Forty-one percent of participants in the IIHTT reported a previous history of migraine; this is more than twice the expected prevalence for women (18%) in the general population (2). Although it is not known whether a previous (and confirmed) history of migraine increases the risk of persistent headache after having IIH, it is conceivable that these individuals had some degree of peripheral and central sensitization and a lower threshold for activation of pain-sensitive structures resulting from migraine that was augmented by the disease process.

To complicate matters, pain medications, such as opioids, barbiturate-containing analgesics, and triptans, are often prescribed to help patients with severe IIH-related headaches find relief. However, frequent use of these medications may lead to medication overuse headache, perpetuating the headache cycle and making patients more resistant to acute treatments over time. This phenomenon is associated with latent sensitization in animal models after persistent exposure to opioids or triptans with expression of pain-modulating substances (CGRP and nitric oxide) that persist long after the opioids or triptans are discontinued (10).

How Well Do ICP-Lowering Treatments Work?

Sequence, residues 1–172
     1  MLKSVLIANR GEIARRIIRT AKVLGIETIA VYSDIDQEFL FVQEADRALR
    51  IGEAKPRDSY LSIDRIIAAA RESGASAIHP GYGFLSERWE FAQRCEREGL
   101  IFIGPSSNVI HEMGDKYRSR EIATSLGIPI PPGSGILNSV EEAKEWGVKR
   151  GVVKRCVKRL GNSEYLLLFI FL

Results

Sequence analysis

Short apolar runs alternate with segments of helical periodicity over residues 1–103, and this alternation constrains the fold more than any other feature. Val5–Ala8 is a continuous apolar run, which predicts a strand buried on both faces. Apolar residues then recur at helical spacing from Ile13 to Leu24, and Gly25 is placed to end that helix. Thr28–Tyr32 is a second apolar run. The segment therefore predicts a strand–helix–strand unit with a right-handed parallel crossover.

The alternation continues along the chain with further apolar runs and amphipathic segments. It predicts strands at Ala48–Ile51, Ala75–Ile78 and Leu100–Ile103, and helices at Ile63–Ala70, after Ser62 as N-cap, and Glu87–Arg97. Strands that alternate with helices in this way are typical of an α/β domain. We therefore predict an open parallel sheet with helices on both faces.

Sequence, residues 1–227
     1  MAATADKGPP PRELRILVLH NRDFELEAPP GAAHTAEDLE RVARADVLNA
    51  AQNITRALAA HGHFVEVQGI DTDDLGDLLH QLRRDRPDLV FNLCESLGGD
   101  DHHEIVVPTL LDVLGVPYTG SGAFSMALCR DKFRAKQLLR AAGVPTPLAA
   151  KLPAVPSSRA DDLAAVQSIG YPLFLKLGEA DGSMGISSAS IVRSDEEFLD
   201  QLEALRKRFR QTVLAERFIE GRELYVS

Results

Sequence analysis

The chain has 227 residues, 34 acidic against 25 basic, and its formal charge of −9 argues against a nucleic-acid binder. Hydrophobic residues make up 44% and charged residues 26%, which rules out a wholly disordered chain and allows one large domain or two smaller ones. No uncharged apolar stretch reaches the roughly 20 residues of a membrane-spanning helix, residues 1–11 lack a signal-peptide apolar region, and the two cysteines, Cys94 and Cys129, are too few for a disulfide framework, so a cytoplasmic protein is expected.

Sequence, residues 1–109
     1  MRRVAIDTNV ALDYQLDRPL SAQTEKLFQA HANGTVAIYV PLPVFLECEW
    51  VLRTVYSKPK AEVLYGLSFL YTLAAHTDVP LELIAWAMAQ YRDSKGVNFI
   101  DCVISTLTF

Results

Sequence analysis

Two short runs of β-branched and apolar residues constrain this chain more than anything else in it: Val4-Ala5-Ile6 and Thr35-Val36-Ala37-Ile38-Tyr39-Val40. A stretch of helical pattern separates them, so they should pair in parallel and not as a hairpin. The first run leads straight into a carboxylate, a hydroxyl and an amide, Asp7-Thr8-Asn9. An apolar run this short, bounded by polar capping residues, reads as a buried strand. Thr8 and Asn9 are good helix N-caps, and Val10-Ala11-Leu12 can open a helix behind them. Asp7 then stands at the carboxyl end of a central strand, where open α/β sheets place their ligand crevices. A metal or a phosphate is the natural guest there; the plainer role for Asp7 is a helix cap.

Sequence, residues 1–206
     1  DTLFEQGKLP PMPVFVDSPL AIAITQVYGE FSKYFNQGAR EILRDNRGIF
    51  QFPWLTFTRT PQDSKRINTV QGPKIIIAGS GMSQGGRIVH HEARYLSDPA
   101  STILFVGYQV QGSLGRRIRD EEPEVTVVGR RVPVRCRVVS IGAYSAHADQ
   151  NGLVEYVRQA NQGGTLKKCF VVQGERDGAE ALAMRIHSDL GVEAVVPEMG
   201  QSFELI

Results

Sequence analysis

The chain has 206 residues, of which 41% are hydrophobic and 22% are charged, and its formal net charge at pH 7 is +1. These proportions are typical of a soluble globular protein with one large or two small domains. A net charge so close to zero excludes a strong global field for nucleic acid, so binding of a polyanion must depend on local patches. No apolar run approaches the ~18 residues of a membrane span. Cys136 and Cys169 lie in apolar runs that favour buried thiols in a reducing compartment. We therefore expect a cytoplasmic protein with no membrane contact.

The IIHTT randomized 165 participants (161 women and 4 men) with newly-diagnosed IIH and mild visual loss (perimetric mean deviation of −2 to −7 dB at baseline) to receive treatment with either acetazolamide or placebo in conjunction with a supervised weight-loss program (11). Therapy was initiated with acetazolamide 500 mg or matching placebo tablets twice daily. The dosage of study medication was increased by 250 mg (one tablet) weekly on a fixed schedule to a maximum of 4,000 mg daily or to the highest tolerated dosage. Headache disability was determined using the Headache Impact Test (HIT-6) questionnaire, which was administered at baseline and throughout the study through the 6-month primary outcome point. Headache was a secondary outcome in the trial, and the IIHTT was the first randomized, prospective, placebo-controlled study to assess headache outcomes.